Leaving the workforce for a period of time can mean working in the same position but reducing hours. It can mean leaving a company in search of another role not requiring heavy business travel and many evening commitments. It can mean a career change, freelancing or pursuing an entrepreneurial idea. While all these options can help women more easily integrate work and life commitments, they come with a price tag. Women who want to get back into the workforce after leaving are mommy tracked and screened out — increasingly today — by candidate bias. Companies are contributing to the downward slide of American women in the workforce through bias towards passive candidates — the notion that the best candidates are ones (in full-time jobs) who’ve never diverged from a full-time career path.
This recruiting tactic overlooks a large cohort of talented females who don’t fit the criteria — and correlates with a noticeable drop of women in leadership roles by compare to men. Underscoring this includes a number of culturally systemic issues in corporate settings of which age-bias is increasingly one: at Silicon Valley tech companies today the average age of the workforce is now 29–31.
Bright Spots Remain, But Why Care?
If gender diverse executive teams and boards consistently outperform competitors, then why are companies slow to adopt strategies for keeping women in the workforce or bringing them back into the workforce and grooming them for leadership roles? Returnships like ReachHire and iRelaunch are helping to get women back into the workforce. LinkedIn’s diversity goals are now tied to performance. While these are positive indicators, the bigger challenge remains culture change. If the data on women in the workplace is moving backwards and culture change is a slow moving ship, why care anymore? We should care because if we’re backsliding on women in the American workforce in 2015, this doesn’t bode well for Millenial women or any other generation that follows.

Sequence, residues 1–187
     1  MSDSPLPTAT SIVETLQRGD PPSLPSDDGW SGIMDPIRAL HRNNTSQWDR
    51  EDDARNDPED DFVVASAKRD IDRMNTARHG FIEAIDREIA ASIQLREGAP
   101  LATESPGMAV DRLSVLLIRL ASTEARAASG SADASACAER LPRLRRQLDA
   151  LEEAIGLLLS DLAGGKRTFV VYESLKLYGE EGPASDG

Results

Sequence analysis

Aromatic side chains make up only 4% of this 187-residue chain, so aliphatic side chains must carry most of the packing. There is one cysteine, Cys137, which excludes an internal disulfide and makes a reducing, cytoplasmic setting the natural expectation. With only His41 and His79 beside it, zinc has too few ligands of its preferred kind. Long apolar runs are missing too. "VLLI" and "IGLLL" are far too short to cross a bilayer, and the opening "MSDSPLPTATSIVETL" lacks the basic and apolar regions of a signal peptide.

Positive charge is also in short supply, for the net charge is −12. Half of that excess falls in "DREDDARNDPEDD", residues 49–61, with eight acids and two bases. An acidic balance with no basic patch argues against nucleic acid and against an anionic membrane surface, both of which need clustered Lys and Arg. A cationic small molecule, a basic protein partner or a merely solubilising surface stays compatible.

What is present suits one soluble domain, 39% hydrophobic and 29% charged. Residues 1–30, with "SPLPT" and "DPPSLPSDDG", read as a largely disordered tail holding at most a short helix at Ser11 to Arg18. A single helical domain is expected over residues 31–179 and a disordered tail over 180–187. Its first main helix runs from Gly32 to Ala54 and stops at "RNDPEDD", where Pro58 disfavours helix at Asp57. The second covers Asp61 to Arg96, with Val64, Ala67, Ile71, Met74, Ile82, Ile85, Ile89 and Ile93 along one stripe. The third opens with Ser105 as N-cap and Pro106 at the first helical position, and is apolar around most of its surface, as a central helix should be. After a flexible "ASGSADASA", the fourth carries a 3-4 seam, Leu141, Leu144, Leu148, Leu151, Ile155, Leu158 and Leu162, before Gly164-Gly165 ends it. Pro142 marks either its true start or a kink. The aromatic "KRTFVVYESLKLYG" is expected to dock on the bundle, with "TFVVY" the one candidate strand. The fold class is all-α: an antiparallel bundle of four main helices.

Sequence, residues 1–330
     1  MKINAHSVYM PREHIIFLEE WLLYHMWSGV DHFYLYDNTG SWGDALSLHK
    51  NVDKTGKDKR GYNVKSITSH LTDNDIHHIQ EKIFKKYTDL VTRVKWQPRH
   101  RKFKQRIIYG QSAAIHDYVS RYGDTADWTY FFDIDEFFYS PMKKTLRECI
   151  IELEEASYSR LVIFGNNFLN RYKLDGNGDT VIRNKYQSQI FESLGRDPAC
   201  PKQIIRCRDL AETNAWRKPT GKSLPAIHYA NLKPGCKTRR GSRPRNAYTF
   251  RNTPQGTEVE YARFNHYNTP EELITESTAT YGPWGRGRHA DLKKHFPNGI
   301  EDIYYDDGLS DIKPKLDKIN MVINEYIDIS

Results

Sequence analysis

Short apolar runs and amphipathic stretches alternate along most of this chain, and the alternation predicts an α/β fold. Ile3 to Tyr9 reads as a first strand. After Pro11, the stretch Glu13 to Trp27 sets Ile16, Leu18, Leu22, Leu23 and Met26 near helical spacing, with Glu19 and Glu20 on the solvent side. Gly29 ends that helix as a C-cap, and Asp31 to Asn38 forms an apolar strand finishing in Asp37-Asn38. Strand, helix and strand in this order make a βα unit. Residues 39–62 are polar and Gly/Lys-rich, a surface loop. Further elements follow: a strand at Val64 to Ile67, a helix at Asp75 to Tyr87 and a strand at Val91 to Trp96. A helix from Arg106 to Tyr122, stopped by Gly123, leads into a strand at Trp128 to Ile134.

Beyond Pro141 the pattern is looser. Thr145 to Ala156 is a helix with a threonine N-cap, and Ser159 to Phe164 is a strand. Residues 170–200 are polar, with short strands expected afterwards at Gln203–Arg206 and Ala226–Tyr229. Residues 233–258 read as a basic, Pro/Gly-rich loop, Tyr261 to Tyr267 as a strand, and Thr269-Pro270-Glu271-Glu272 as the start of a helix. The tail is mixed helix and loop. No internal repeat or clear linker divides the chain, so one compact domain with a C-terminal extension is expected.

The Millenial Generation
The oldest Millenials are now into their family building years (if they choose to have kids). Data shows they are much more interested in flexibility in the workplace, feel that they will share caregiving responsibilities with their spouse in far greater measure than any other generation, and prioritize corporate culture in making decisions about which companies they want to join. But even with the best of intentions, a question remains largely unknown: will companies stay committed to Millenial women leaders if they want a flexible career path as their families grow? Will they be able to take paid leave offered to them without the consequences and repercussions that we know still exist in companies today?
Role Models Needed
When I was in my 20’s, I was working for a global accounting and consulting firm. I distinctly remember looking around wondering where the women were in executive roles and why I couldn’t find role models. We need more women in the workforce in leadership roles as role models. We need more women in the workforce to to tackle persistent second generation gender bias. And we need more women in leadership roles to show early-career professionals there is a way forward to stay committed to your career while equally carving a path that successfully integrates work and family commitments.
Which path will be the winning one to turn around this backsliding data about women in the American workforce? Will it be the rise of female entrepreneurs who are disrupting ingrained cultural biases to create new business models that work for them? Or will it be corporate America finally making gender diversity a verb and not a noun?
Hopefully, it will be both.